The efforts of Quartet envoy James Wolfensohn to facilitate economic aspects of Israel's withdrawal from Gaza now include the safe passage issue. Israel has suggested a train link that would partially exploit existing Israeli infrastructure and take around three years to plan and build. Wolfensohn has reportedly embraced the sunken road idea, and says it could be built for the surprisingly low figure of around $130 million, but his Israeli interlocutors have security reservations. Meanwhile the purchase of a fleet of 30 trucks, dedicated to carrying goods back and forth between the West Bank and Gaza under Israeli supervision, is being discussed. Israel's first demand is that, after disengagement, the Palestinians prove their ability to maintain peace and quiet in Gaza. Israel also refuses to discuss these options under the headline of "safe passage", lest this be interpreted by Palestinians as a revival of the long defunct Oslo talks.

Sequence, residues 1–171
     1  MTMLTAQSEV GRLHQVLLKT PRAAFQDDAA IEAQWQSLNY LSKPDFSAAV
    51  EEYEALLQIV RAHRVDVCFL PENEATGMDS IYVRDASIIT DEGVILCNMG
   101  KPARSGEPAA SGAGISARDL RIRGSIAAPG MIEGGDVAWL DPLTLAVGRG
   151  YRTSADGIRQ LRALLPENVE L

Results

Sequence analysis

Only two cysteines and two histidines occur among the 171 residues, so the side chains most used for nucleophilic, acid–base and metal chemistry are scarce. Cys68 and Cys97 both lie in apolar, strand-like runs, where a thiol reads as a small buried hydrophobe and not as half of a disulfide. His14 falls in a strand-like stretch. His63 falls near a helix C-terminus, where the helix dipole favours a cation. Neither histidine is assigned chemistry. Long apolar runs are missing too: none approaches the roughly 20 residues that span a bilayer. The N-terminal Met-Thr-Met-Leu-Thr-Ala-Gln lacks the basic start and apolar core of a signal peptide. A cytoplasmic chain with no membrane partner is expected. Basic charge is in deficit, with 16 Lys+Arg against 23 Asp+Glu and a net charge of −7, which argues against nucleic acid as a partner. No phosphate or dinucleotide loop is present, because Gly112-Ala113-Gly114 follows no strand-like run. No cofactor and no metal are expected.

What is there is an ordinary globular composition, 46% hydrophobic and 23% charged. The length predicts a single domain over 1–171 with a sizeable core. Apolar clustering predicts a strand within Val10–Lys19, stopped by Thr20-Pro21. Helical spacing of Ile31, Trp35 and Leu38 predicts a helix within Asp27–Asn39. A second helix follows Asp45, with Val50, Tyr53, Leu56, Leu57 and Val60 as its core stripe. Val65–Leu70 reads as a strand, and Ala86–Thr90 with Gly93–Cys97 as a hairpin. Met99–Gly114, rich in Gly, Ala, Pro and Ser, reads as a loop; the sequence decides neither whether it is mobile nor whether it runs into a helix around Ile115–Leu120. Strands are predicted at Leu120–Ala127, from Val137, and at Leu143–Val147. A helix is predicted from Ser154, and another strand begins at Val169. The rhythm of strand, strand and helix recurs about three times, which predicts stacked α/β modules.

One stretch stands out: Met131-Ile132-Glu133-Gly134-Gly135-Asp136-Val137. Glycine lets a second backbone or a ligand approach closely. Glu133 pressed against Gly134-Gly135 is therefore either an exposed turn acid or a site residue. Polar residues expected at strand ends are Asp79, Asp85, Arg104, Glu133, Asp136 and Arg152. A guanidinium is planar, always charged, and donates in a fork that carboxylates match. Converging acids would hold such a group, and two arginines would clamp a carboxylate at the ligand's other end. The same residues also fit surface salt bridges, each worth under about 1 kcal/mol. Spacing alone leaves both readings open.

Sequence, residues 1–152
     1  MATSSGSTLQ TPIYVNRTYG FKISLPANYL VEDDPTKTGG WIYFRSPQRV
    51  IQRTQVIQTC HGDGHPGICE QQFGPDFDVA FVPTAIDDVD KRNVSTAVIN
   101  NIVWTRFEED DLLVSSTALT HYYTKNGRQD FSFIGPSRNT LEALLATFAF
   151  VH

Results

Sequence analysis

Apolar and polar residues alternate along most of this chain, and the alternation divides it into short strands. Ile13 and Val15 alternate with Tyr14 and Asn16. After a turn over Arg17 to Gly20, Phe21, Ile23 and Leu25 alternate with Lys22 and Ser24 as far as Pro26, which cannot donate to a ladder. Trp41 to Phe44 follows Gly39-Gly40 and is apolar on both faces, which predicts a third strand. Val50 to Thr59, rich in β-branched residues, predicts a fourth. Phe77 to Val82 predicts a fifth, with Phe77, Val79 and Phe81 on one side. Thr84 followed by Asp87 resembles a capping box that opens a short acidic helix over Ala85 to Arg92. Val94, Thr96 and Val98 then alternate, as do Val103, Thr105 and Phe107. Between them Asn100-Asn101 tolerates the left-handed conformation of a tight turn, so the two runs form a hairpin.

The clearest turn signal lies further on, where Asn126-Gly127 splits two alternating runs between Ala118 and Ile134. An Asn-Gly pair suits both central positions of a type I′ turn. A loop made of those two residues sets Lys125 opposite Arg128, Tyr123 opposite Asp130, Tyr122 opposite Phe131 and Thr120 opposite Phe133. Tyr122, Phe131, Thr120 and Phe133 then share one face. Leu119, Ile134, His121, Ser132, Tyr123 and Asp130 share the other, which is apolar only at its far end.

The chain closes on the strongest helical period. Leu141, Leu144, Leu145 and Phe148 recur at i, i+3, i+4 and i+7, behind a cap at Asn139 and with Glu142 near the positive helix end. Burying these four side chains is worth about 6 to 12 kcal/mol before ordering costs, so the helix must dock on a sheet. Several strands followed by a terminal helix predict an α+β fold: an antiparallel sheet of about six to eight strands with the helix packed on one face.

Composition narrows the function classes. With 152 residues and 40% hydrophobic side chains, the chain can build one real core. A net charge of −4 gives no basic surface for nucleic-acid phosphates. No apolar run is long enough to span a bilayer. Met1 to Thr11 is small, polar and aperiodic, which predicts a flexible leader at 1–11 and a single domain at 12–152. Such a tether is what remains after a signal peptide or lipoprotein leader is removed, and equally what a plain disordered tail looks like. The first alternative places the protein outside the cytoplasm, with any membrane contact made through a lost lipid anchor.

In the event, the Palestinians are probably better off discussing the transportation link as a separate issue, not related to Oslo. Their problem in including it in the Oslo talks is that, over the years, the concept they developed of a two-state solution was based on Israeli withdrawal to the green line, i.e., on the pre-1967 borders. But prior to 1967 there was no safe transportation route linking Gaza and the West Bank across Israel. The moment the Palestinians raised this demand in final status talks, Israel naturally considered this an additional Israeli concession of a semi-territorial nature, and viewed it as at least partial Israeli "payment" for the settlement blocs it sought to annex in the West Bank.